THE worlds of film and games collide at this year's Glasgow Film Festival with the launch of the inaugural gaming strand, curated by Scotland's self-styled "god of games" Robert Florence.
Florence, of TV sketch show Burniston and game review series videoGaiden, brings his own brand of wit and humour to the festival with a skewed look at the cross-over between two industries which are increasingly sharing the same space among people's strata of entertainments.
Events in the Game Cats Go Miaow strand will look at where the hook-ups between both media lie, while still finding time to blast pixelated monsters to death and host a manga-themed dress-up parade – less high-brow pursuits, certainly, but much more fun.
"It's fantastic that they're introducing the gaming strand," says Florence, below.
"The organisers understand that film does not exist in a vacuum and is part of this great amalgamation of popular culture.
"There's a section of the audience at the festival who go to see films and are also heavily into gaming, and it's good to see that reflected."
At the top of the roster of events is a showing of James Cameron's classic film Aliens (GFT, February 18, 8.45pm), preceded by a live review of the new shooter Aliens: Colonial Marines, which lets players take the part of either the heroes from the movie or their xenomorph foes.
Special guests on the night include comic-book writer and journalist Kieron Gillen and Tom Bramwell, editor of Eurogamer.
"We'll be playing the game and having a chat about it," explains Florence. "It's one of those weird things – I don't think there's been an Aliens game that's captured the spirit of the movie yet.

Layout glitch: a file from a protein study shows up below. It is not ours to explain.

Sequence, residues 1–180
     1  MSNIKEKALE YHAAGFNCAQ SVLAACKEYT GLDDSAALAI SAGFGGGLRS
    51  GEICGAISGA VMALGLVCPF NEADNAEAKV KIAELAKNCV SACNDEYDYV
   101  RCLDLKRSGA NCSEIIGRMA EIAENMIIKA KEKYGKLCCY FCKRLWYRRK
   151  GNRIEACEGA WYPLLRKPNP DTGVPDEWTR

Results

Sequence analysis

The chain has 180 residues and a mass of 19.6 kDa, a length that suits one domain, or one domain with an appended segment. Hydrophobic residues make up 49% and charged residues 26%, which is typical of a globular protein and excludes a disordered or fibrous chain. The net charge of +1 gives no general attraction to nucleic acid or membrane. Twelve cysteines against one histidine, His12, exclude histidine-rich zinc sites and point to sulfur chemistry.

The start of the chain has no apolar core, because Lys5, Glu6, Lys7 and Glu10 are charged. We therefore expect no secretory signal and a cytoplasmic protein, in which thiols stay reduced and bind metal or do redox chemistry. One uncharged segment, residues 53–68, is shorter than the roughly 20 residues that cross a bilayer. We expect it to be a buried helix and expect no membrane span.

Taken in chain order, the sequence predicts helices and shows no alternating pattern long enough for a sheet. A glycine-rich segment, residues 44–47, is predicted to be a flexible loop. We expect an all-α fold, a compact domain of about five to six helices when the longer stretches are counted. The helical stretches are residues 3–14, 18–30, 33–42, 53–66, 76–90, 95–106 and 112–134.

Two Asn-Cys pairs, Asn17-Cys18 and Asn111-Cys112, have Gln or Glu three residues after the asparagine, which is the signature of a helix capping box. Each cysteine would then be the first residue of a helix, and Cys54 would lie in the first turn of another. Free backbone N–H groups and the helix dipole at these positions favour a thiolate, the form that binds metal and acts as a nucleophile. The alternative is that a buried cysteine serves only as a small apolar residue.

"Maybe this one will be different. That said, the [subsequent] films haven't really captured the feel or the atmosphere of the originals either, so there's a lot to go for.
"I've been told the 70mm print is a thing of beauty, so we're delighted to be showing it."
Those who like their action a little more macabre will be able to indulge themselves with a celebration of the dark fantasy genre later in the week, with a discussion based around the hit Dark Souls RPG, followed by a screening of the rather underrated fantasy epic Solomon Kane (CCA, February 21,6.30pm).
The creative and free-thinking world of independent game developers gets explored in a screening of Indie Game: The Movie (GFT, February 19, 4.20pm; CCA, February 22, 7pm), while gamers are invited to a night of comedy, consoles and chewing the fat at Rab's Video Game Empty (CCA, February 22, 9pm).
Bringing games to a film festival is an unorthodox move, but Florence believes it's something that's been long overdue.
"The games industry is huge and it makes a lot of money, but it's still ghettoised in the way it gets covered by the mainstream press compared to the film industry," he insists. "Nowadays we're seeing film directors who come from a gamer background.
"Duncan Jones, who made Moon and Source Code, is a massive gamer who makes films during the day and games at night.
"That's something we will see more of as both industries move forward. In the past, directors, such as Steven Spielberg, who were the driving force behind most Hollywood blockbusters, were influenced by comic books and the sci-fi serials of their childhood.
"But now we're starting to see film directors who cut their teeth on games when they were young bringing that experience into movies. It's a healthy thing to happen."
See www.glasgowfilm.org/festival for details of the Game Cats Go Miaow strand, including Surprise Anime Film and the Cosplay Parade at 5pm at GFT today.